Stop for a minute and ponder the mystery of your mind. Your brain started to develop the fifth week after conception. Neuroscientists tell us that in your brain you have approximately 100 billion neurons. Each neuron has approximately one thousand connectors. Each of those connectors are capable of 200 calculations per second. That means your brain is capable of something on the order of twenty million billion calculations, every single second!
Decisions that you make there will determine what you do with your time, how you spend your money, who you’re going to spend time with and ultimately where you end up in life. Your mind is an amazing thing—your mind is powerful. As the 17th century French philosopher Rene Descartes concluded: “I think, therefore I am.” Your words and actions and outward expressions are windows to your thoughts and character.
2. Think on Helpful Things, Not Hurtful Things
At the core of who you are is your thought life. At the deepest level of what it means for us to exist, is in our own minds and thoughts. Your thought life is a reflection of who you are. Whatever fills your mind, shapes your life. If you want a healthy life, then choose to think on helpful things. Willpower alone is never going to be sufficient to deal with deeply ingrained habits. This is why people who try harder often find themselves in a cycle of defeat. It’s not about trying harder, it’s about training your mind to stop feeding on hurtful things, by feeding on helpful things.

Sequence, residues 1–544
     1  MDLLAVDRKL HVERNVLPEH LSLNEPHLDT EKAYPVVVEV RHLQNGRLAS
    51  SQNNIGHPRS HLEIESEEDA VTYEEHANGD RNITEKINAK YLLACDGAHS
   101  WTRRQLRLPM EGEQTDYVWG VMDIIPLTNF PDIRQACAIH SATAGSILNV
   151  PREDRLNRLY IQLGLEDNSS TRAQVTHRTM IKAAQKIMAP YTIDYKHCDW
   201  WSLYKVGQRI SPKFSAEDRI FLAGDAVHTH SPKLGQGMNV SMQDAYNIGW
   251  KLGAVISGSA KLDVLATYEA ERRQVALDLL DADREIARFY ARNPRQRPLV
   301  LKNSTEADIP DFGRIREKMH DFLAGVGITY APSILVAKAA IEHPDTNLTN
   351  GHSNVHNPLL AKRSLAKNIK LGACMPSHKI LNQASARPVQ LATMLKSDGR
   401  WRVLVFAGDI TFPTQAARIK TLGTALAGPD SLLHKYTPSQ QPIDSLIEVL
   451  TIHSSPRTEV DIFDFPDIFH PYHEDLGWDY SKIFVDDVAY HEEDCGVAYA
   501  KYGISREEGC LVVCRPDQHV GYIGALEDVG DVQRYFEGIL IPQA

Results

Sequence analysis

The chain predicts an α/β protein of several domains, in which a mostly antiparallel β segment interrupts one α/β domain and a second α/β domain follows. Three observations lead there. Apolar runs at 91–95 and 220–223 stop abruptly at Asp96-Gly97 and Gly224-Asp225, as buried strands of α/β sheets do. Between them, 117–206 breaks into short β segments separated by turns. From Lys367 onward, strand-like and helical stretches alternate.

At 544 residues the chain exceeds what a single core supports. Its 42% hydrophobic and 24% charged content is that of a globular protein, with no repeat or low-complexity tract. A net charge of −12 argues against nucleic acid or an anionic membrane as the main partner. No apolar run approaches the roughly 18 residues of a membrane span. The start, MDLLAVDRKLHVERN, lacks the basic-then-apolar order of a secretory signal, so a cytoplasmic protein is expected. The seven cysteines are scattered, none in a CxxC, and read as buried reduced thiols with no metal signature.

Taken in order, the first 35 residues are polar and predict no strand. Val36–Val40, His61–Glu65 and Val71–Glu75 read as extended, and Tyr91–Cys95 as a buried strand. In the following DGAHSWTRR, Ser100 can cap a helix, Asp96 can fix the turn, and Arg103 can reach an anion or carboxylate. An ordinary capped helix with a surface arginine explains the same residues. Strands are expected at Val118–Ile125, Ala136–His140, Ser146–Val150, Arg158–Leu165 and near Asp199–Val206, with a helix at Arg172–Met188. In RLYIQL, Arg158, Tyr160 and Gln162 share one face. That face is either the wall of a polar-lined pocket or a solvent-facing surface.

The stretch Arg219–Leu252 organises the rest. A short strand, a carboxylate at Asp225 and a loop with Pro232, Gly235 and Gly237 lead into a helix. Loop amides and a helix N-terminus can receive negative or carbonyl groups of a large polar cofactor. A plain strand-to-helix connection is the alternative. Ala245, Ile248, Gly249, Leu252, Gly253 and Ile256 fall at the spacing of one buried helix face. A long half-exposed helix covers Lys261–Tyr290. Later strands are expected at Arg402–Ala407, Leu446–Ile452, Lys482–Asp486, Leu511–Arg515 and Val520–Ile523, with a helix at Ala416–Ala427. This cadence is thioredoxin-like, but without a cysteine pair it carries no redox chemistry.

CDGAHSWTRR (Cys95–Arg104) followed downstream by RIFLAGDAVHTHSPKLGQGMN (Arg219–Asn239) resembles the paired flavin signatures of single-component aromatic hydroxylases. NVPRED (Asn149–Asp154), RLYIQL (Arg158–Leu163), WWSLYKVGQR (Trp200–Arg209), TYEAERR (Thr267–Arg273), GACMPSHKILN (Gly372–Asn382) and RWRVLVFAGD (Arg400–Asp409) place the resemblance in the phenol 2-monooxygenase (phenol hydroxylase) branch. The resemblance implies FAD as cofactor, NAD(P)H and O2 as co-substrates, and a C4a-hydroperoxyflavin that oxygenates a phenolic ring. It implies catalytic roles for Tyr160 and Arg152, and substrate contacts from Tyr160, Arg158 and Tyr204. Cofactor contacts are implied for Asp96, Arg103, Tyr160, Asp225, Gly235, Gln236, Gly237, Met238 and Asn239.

We live in a fairly negative society. Most of what we hear from the daily news or images that we are exposed to from our neighborhoods or around the world focus on what’s wrong, not what’s right; what is missing, not what we have; what’s ugly; not what is beautiful. We have plenty of opportunities to dwell on negative things in our external world, not to mention our inner world where we have thoughts of fear, anxiety, worry and doubt.
An ancient writer, Saul of Tarsus, addressed this issue in his Letter to the Philippians in this way, Whatever is true, whatever is noble, whatever is right, whatever is lovely, whatever is pure, whatever is admirable—if anything is excellent or praiseworthy, whatever is of a good report…think on these things.
Think on things that build you up, not tear you down. Think about what you have, not what you don’t have. Think about what is right with you, not what is wrong with you. Begin thinking about what you are thinking about.
3. Think Marinate, not just Meditate.
Meditation is a wonderful and meaningful way to develop a healthy inner life. There is an abundance of information on the web about the practice and benefits of meditation. Meditation is a really helpful practice. Yet as important as meditation is, I like to ask people to think about, “What are you marinating in?” This is a broader question that asks, “What are the influences, values and attitudes that I am allowing to flavor my life—the things that I am “soaking” my life in? When you become aware of what you are marinating your life in, that awareness brings understanding, and that understanding brings agency—you have power to take action.
4. Ask for Help.
Finally, you find yourself overwhelmed with negative thoughts, ask for help. Seek out a friend, a mentor, a life coach or a counselor who will listen and help guide you on a path to a more holistic life. It’s important not to isolate yourself to your own thoughts.
You may be flying at 45,000 feet at 600 mph, and everyone thinks you are really cruising, but you know whether you have oxygen or not. Don’t let pride prevent you from getting the help you need to live your life to the full.
Written by: Dan Hall has a Bachelor of Arts in Education and a Masters of Divinity. With over 25 years of ministry experience, Dan has served as a Pastor, Church Planter, Transitional Leader, Mentor, and Coach. Follow more of his writing on his blog, Voce.
Photo Credit: Ashley Batz on Unsplash